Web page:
Time went on and suddenly we’re in 2016 and the day for celebrating mothers arrives once more. Mohamad Khair is now four years old, but he doesn’t have a mother anymore. His parents and brother were killed by a mortar shell in August 2013. Mohamad is with my father and mother, still under seige in Moadamiyeh.

March came and went five times and each time it seemed things were getting harder in Syria.

My friend Arwa told me that she doesn’t want to believe that Mother’s Day even exists anymore. Arwa has two lovely girls, five and eight years old. She sent them to live with another friend in a different part of the Damascus suburbs when she realized that her area would be under siege again. She is not able to leave the area and it’s not safe for her to move freely due to the regime’s check points. Arwa has not seen her daughters for eight months, though there are only few kilometers separating them.
Another friend currently has three kids at his place. He and his wife are taking care of them after their mother was shot by a sniper and taken to the hospital, where she fell into a coma.

Dozens and dozens of sad stories to remember forever more on Mother’s Day: children who have lost their mothers, and mothers who lost their children.

Miram, 11, front right, was eating breakfast in her home in Syria, when a bomb fell on the kitchen and killed her mother. She was brought to her brother’s family outside of Beirut, where she now lives with her cousins, brother and his wife. UNHCR/E.Dorfman (Common Licence FLickr)
Miram, 11, front right, was eating breakfast in her home in Syria, when a bomb fell on the kitchen and killed her mother. She was brought to her brother’s family outside of Beirut, where she now lives with her cousins, brother and his wife. UNHCR/E.Dorfman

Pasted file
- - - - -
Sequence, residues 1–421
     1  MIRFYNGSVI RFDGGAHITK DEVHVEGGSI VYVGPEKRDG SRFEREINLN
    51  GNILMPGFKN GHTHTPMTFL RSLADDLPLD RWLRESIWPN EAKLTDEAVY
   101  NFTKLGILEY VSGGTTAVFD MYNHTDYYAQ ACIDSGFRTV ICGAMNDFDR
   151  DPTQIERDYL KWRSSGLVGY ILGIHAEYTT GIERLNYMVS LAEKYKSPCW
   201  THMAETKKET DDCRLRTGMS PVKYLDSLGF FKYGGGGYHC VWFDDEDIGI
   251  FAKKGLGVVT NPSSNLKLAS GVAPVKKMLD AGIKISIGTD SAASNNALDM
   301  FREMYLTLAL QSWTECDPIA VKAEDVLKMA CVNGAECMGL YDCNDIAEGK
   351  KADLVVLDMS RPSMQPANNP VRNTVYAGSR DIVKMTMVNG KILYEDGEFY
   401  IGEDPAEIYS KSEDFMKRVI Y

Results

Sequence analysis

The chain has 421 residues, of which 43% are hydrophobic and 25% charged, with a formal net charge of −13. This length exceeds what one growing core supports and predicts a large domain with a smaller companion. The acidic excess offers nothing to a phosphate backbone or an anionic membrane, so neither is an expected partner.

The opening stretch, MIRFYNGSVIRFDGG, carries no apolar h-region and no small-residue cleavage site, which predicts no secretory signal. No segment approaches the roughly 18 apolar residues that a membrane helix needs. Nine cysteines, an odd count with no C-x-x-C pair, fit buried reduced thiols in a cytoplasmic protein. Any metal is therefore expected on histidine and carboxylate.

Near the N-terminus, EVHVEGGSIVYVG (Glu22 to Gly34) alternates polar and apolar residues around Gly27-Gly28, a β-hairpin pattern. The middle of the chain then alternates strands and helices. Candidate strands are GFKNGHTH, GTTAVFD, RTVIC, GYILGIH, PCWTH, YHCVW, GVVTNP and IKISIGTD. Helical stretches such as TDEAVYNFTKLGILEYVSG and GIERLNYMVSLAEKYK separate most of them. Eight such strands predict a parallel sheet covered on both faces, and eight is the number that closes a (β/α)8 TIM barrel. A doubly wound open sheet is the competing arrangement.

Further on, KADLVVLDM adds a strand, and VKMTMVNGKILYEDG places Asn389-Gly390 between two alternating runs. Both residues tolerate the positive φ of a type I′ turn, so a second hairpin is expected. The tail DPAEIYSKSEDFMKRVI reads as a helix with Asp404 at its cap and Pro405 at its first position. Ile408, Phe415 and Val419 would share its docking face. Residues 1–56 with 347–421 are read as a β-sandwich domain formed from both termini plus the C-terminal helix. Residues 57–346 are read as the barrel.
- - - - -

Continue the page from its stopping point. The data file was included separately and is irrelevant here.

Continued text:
Rahab and her children in their apartment in Qobayat, Lebanon, stand around an empty chair, cloaked with their father’s robe. He was killed when a shell hit their neighbourhood in Homs, Syria. UNHCR / E.Dorfman / September 2013 (Common Licence FLickr)
Rahab and her children in their apartment in Qobayat, Lebanon, stand around an empty chair, cloaked with their father’s robe. He was killed when a shell hit their neighbourhood in Homs, Syria. UNHCR/E.Dorfman

Yet, even amidst all the chaos, many Syrians still feel it is worth stopping to celebrate the courage, resilience and sacrifice of all the mothers who have endured the past hard years. These women really deserve to smile again. And, however spread out families now are, Syrians still try, through phone calls and Skype, to reach their mothers and keep up the tradition of appreciating them.

Besides our own mothers, we must also think of all the Syrian mothers who are detained and hidden from view. No day can be happy when so many remain in darkness.

Ameenah A. Sawwan is a Syrian activist and journalist from Moadamieh, a Damascus suburb that has been under siege for over three years. Moadamieh was targeted in the poison gas attack in August 2013.
Ameenah has highlighted human rights violations in besieged Syrian areas. As she worked on her testimony of the chemical massacre in Damascus suburbs, she was a part of a widely published advocacy campaign in the United States. She is now producing pieces involving unique stories from inside Syria to show the face of country no one can see now.

This text was first published on syriadeeply